New Zealand-based Straker Translations pulled off a successful initial public offering on the Australian Stock Exchange in Sydney on October 22, 2018. The company is now listed under the ticker symbol STG. The offer price on the day of the listing was AUD 1.51 and shares jumped 13% on the first day to close at AUD 1.71. The shares traded as high as AUD 1.91 before closing the week at AUD 1.71, giving the company a current market capitalization of AUD 89m (USD 62m).
According to the 150-page listing prospectus, Straker generated revenues of NZD 17.03m (USD 11.02m) in the FY 2018 (ending March 31 2018), incurring a loss on EBITDA-level of NZD 1.8m (USD 1.16m). For the 2019 financial year, Straker projects NZD 23.5m (USD 15.2m) in revenues (buoyed by two recent acquisitions) but still a loss of NZD 2.4m (USD 1.5m) on an EBITDA basis. However, adjusted for the cost of listing (a one-off expense), the company projects a loss of only NZD 0.2m (USD 0.13m) for FY 2019, a significant improvement over the prior year.
The company sold 26.7% of its shares in the listing, raising AUD 21.2m (USD 14.9m) in the process. Grant Straker, Merryn Straker and Angelina Hunter continue to hold a 13.9% stake in the company post IPO, with investment firm and previous investor Bailador also holding on to a 14.1% stake, according to the prospectus.
The firm says it plans to invest AUD 13.5m of the IPO proceeds into sales and marketing, product development and customer acquisition as well as potential strategic acquisitions of rival LSPs.
An Interesting Story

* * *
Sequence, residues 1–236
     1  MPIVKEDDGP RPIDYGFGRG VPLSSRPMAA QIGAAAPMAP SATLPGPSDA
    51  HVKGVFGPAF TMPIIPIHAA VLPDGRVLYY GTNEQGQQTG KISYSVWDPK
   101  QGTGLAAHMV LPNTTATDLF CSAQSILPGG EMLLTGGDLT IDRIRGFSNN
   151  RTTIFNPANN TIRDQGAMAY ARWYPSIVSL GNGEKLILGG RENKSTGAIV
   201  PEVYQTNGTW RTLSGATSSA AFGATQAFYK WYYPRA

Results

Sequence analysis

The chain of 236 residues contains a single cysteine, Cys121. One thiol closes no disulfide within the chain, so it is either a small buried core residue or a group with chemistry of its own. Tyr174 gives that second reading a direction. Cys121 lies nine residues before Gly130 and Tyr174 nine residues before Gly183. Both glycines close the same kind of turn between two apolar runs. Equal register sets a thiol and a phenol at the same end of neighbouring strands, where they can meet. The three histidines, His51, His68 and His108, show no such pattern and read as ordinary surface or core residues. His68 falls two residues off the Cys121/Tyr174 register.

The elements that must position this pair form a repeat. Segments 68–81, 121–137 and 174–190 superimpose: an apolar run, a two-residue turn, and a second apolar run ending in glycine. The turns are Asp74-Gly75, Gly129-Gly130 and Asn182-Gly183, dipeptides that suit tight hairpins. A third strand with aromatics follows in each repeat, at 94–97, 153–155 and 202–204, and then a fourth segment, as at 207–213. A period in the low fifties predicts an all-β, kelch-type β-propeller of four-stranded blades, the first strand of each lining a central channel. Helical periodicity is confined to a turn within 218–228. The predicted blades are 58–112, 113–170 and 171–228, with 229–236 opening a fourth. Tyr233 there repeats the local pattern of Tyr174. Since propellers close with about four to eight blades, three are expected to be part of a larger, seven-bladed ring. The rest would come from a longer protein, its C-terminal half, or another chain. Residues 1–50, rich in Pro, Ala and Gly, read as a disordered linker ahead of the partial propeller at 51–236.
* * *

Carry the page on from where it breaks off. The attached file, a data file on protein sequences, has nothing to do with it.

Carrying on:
To successfully list a mid-sized LSP that’s still generating a loss, Straker needed to tell potential investors an interesting story. In the run up to the IPO and in the prospectus, Straker highlights how “machine learning” is used to streamline its supply chain from order submission and translation production to client delivery on its proprietary translation management platform, called Ray.
Describing its post-editing process, Straker tells investors in the prospectus that “machine learning improves the quality of the initial draft, the amount of review and editing required by human translators declines, increasing the efficiency and productivity of the translation process.”
Furthermore, Straker says its “model differs from many others in the industry in that it charges customers on a rate per word but the translators charge based on an hourly rate”, which “provides significant opportunities (…) to improve margins and offer competitive pricing.”
As a publicly listed language service provider, Straker will now have to report regularly on its progress in translating margin gains into profits on the bottom line.
The listing was managed by Lead Manager and Underwriter Bell Potter Securities Sydney, according to a LinkedIn post by Straker CEO Grant Straker. Other advisors involved were Blackpeak Capital Pty (Financial Adviser), BDO East Coast Partnership (Taxation adviser), BDO Auckland (Auditor), PricewaterhouseCoopers (Australian Legal Adviser), Bell Gully (New Zealand Legal Adviser), and BDO Corporate Finance (Investigating Accountant).
Update: This article has been updated to clarify that the FY 2019 EBITDA loss of NZD 2.4m includes the one-off cost of listing.